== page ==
"""
=============================================
A demo of the Spectral Biclustering algorithm
=============================================
This example demonstrates how to generate a checkerboard dataset and bicluster
it using the :class:`~sklearn.cluster.SpectralBiclustering` algorithm. The
spectral biclustering algorithm is specifically designed to cluster data by
simultaneously considering both the rows (samples) and columns (features) of a
matrix. It aims to identify patterns not only between samples but also within
subsets of samples, allowing for the detection of localized structure within the
data. This makes spectral biclustering particularly well-suited for datasets
where the order or arrangement of features is fixed, such as in images, time
series, or genomes.
The data is generated, then shuffled and passed to the spectral biclustering
algorithm. The rows and columns of the shuffled matrix are then rearranged to
plot the biclusters found.
"""
# Author: Kemal Eren
# License: BSD 3 clause
# %%
# Generate sample data
# --------------------
# We generate the sample data using the
# :func:`~sklearn.datasets.make_checkerboard` function. Each pixel within
# `shape=(300, 300)` represents with it's color a value from a uniform
# distribution. The noise is added from a normal distribution, where the value
# chosen for `noise` is the standard deviation.
#
# As you can see, the data is distributed over 12 cluster cells and is
# relatively well distinguishable.
from matplotlib import pyplot as plt
from sklearn.datasets import make_checkerboard
n_clusters = (4, 3)
data, rows, columns = make_checkerboard(
shape=(300, 300), n_clusters=n_clusters, noise=10, shuffle=False, random_state=42
)
plt.matshow(data, cmap=plt.cm.Blues)
plt.title("Original dataset")
_ = plt.show()
# %%
# We shuffle the data and the goal is to reconstruct it afterwards using
# :class:`~sklearn.cluster.SpectralBiclustering`.
import numpy as np
# Creating lists of shuffled row and column indices
rng = np.random.RandomState(0)
row_idx_shuffled = rng.permutation(data.shape[0])
col_idx_shuffled = rng.permutation(data.shape[1])
# %%
# We redefine the shuffled data and plot it. We observe that we lost the
# structure of original data matrix.
data = data[row_idx_shuffled][:, col_idx_shuffled]
plt.matshow(data, cmap=plt.cm.Blues)
plt.title("Shuffled dataset")
_ = plt.show()
# %%
# Fitting `SpectralBiclustering`
# ------------------------------
# We fit the model and compare the obtained clusters with the ground truth. Note
# that when creating the model we specify the same number of clusters that we
# used to create the dataset (`n_clusters = (4, 3)`), which will contribute to
# obtain a good result.
from sklearn.cluster import SpectralBiclustering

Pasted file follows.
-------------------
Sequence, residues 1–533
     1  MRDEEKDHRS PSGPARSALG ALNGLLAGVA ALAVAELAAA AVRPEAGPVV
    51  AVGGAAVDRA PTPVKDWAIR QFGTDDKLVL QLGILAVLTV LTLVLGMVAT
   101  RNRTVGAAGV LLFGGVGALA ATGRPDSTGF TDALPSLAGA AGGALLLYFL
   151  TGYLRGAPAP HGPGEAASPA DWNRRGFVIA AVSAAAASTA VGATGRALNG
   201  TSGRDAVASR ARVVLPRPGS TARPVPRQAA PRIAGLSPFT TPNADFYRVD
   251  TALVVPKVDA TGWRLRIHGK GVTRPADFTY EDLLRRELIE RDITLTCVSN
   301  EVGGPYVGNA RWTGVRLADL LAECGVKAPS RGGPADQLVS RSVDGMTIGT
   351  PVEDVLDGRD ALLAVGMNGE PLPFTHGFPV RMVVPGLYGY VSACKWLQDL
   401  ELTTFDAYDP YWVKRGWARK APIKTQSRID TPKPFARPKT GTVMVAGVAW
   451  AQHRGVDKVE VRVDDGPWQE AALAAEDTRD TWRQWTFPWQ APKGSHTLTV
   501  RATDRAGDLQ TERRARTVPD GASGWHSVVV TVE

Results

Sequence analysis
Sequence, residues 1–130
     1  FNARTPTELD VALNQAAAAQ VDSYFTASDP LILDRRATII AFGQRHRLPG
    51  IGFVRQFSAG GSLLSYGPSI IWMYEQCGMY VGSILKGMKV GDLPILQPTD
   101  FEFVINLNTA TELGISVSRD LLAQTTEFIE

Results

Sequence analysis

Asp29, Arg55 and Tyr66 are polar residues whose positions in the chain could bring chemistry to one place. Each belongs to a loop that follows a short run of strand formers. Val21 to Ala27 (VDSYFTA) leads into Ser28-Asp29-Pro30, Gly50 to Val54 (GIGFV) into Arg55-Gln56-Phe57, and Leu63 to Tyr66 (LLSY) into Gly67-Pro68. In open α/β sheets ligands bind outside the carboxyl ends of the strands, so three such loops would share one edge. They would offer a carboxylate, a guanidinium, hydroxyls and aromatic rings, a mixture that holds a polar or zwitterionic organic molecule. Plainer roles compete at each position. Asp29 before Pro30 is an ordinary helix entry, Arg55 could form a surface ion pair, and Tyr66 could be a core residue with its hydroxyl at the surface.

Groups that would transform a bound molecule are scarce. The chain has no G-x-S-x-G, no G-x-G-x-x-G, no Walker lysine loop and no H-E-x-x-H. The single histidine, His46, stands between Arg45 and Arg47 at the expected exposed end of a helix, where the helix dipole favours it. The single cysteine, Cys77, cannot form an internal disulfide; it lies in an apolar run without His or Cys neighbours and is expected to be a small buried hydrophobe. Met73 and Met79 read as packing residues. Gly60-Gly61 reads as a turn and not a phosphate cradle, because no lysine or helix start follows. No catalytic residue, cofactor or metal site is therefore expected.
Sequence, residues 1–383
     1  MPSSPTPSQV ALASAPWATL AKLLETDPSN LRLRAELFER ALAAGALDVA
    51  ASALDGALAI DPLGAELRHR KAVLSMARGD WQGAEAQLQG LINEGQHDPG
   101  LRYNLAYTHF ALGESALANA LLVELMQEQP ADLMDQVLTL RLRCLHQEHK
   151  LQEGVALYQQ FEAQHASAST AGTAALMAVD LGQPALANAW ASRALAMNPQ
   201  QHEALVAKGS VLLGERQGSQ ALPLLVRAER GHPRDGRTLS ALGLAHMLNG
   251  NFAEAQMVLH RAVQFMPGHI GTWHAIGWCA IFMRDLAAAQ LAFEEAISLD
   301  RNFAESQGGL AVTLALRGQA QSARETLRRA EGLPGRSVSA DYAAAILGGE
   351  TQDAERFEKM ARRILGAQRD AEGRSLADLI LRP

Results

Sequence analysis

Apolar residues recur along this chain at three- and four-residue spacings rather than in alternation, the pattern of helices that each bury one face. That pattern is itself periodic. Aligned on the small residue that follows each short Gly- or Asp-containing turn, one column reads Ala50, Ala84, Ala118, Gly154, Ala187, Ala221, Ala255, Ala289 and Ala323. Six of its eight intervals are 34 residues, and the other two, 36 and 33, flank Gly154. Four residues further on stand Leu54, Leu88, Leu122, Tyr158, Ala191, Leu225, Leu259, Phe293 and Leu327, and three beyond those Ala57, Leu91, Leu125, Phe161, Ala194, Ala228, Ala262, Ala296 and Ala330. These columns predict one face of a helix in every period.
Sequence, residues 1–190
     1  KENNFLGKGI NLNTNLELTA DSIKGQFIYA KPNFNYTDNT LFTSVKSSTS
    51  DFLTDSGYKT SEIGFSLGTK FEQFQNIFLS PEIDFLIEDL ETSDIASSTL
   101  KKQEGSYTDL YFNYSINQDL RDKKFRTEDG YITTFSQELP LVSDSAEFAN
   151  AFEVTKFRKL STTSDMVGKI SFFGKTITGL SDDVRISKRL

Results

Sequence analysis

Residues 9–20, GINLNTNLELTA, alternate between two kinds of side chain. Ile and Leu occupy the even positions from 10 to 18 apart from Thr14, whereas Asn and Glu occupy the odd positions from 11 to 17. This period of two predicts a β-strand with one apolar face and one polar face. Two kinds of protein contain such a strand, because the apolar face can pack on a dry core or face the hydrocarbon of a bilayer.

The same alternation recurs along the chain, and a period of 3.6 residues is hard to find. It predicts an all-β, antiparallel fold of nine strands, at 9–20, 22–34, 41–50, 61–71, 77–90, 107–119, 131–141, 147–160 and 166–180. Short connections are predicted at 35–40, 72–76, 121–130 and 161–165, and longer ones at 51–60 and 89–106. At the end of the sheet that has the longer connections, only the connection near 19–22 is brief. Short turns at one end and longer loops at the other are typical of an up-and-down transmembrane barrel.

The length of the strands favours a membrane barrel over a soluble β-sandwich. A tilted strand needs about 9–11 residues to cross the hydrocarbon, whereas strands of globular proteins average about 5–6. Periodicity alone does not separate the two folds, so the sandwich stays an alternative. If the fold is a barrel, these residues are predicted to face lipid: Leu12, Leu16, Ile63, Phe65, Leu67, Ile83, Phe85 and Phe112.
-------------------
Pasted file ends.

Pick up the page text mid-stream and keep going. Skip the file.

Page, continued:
from sklearn.metrics import consensus_score
model = SpectralBiclustering(n_clusters=n_clusters, method="log", random_state=0)
model.fit(data)
# Compute the similarity of two sets of biclusters
score = consensus_score(
model.biclusters_, (rows[:, row_idx_shuffled], columns[:, col_idx_shuffled])
)
print(f"consensus score: {score:.1f}")
# %%
# The score is between 0 and 1, where 1 corresponds to a perfect matching. It
# shows the quality of the biclustering.
# %%
# Plotting results
# ----------------
# Now, we rearrange the data based on the row and column labels assigned by the
# :class:`~sklearn.cluster.SpectralBiclustering` model in ascending order and
# plot again. The `row_labels_` range from 0 to 3, while the `column_labels_`
# range from 0 to 2, representing a total of 4 clusters per row and 3 clusters
# per column.
# Reordering first the rows and then the columns.
reordered_rows = data[np.argsort(model.row_labels_)]
reordered_data = reordered_rows[:, np.argsort(model.column_labels_)]
plt.matshow(reordered_data, cmap=plt.cm.Blues)
plt.title("After biclustering; rearranged to show biclusters")
_ = plt.show()
# %%
# As a last step, we want to demonstrate the relationships between the row
# and column labels assigned by the model. Therefore, we create a grid with
# :func:`numpy.outer`, which takes the sorted `row_labels_` and `column_labels_`
# and adds 1 to each to ensure that the labels start from 1 instead of 0 for
# better visualization.
plt.matshow(
np.outer(np.sort(model.row_labels_) + 1, np.sort(model.column_labels_) + 1),
cmap=plt.cm.Blues,
)
plt.title("Checkerboard structure of rearranged data")
plt.show()
# %%
# The outer product of the row and column label vectors shows a representation
# of the checkerboard structure, where different combinations of row and column
# labels are represented by different shades of blue.